Decision-Making: Getting to Yes with Greater Joy
Part 1 of 2
Things weren’t going as planned. Mom had created the family foundation as a way to engage her kids (and one day grandkids!) in philanthropy and build connectivity that she hoped would endure for generations, while also make a measurable mark in the community. She envisioned happy times and a deep bond that can come only through collective difference-making. Instead, there was a strange mix of disengagement, disagreement, and even tension. Something that was meant to be a joyful experience wasn’t hitting the mark. That’s when the family turned to us for help.
As we all know, dynamics at the family dinner table can impact board table dynamics. And one seemingly simple, yet complex dynamic is how families make decisions. Without proactivity, these dynamics can lead to family discord.
But, it doesn’t have to be this way. Let’s unpack.
Decision-making is primarily driven by four ingredients, each of which is shaped by many deeply held, often unstated, and rarely identical assumptions.
By thoughtfully working through each of these one step at a time, our client developed a model of decision-making for the foundation (and family) where all voices were heard and valued. The result? The foundation became a source of family harmony and pride, with deeper engagement from everyone around the table.
But, how did they get there? This month we’ll explore Values and Purpose. Tune in next month for a dive into Roles and Process.
Values, which help define our identity and the ways in which we live, have a major influence on our behavior and attitudes. They are the subtle, emotional barometers that guide us. Yet it can be difficult to identify our values because, as the saying goes, a fish doesn’t know he’s in water. Naming our values can help us move our giving from a place of contention to a place of deep alignment.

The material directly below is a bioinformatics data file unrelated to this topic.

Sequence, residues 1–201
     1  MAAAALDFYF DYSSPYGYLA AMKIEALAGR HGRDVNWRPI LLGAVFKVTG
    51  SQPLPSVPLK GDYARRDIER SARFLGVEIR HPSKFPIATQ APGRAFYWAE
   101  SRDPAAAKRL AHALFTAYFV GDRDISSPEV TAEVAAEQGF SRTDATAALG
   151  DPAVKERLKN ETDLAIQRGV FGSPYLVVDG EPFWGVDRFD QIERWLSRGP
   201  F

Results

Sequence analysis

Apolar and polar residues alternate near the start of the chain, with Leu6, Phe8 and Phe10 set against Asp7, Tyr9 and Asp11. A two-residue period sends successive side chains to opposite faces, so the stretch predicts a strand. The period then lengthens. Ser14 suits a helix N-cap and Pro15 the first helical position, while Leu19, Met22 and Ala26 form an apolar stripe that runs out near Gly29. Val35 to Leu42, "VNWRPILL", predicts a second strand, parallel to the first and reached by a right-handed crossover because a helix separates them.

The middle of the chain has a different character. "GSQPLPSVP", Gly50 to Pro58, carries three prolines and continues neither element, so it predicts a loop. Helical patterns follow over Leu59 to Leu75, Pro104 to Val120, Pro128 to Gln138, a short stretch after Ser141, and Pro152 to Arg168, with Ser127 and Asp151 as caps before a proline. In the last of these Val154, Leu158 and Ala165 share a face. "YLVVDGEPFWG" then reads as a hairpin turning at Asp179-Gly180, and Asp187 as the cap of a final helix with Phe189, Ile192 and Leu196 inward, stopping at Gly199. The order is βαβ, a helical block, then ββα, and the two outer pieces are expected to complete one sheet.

Getting back to our family foundation, we helped the family uncover and align on a set of shared values for the foundation that honored each member’s individual values and created a common ground that would unite them despite very different cultures and preferences.
Here’s some tips for your family or foundation:
- First, identify your individual values – Many “values inventories” exist – here’s our Values Reflection Guide where we challenge individuals to articulate the values that drive their living and generosity. This guide is part of our Giving Well Experience where we help donors align their time, skill, and wealth with their values, passion, and legacy.
- Next, share these values as a family – together or with a facilitator. Regardless of how different values can be, these conversations always prove rich and meaningful.
- What values do you have in common? Which values have the power to align your giving and override your individual preferences?
- Lastly, how will these values guide your giving? What focus areas, grant ideas, or “hows” of giving could follow these values? (Read our article on aligning your giving).
Purpose speaks to questions such as…Why does your foundation exist? What goals do you have for your family, and for your community? What does success look like? Is purpose jointly defined by everyone at the table (leading to higher engagement) or is it defined by a patriarch/matriarch, to be carried out by future generations? Unless clearly stated, family members often develop their own purpose for the foundation, which may be in conflict with other family members.
In working with the family, we discovered that while mom had funded the foundation with great hopes of engaging her kids, she had some closely held giving goals that her kids weren’t interested in. By redefining purpose together, the family found a sense of mutual engagement and deeper fulfillment. Their collective efforts and pride began to override their individual interests.
Questions to apply in your context:
- What difference do you hope the foundation makes for your family (i.e., legacy, unity, connectivity, etc.)?
- What difference do you hope the foundation makes on the issues/causes you care about (i.e., goals for focus areas, outcomes, and how you would measure the change you seek)?
- What’s worth sacrificing individual preference/style to achieve?
A suggestion – Consider creating strategic giving (majority of giving) and discretionary giving (minority of giving) buckets. Strategic giving reflects shared values and purpose while discretionary giving allows individual family members to support issues/causes that more closely align with their values and giving purpose.
Try out a few of these questions/activities over the next month and see how it goes. Next time, we’ll explore how your decision-making models and processes can be used to drive greater family harmony and fulfillment. We’re happy to help facilitate a meeting to get the conversation going!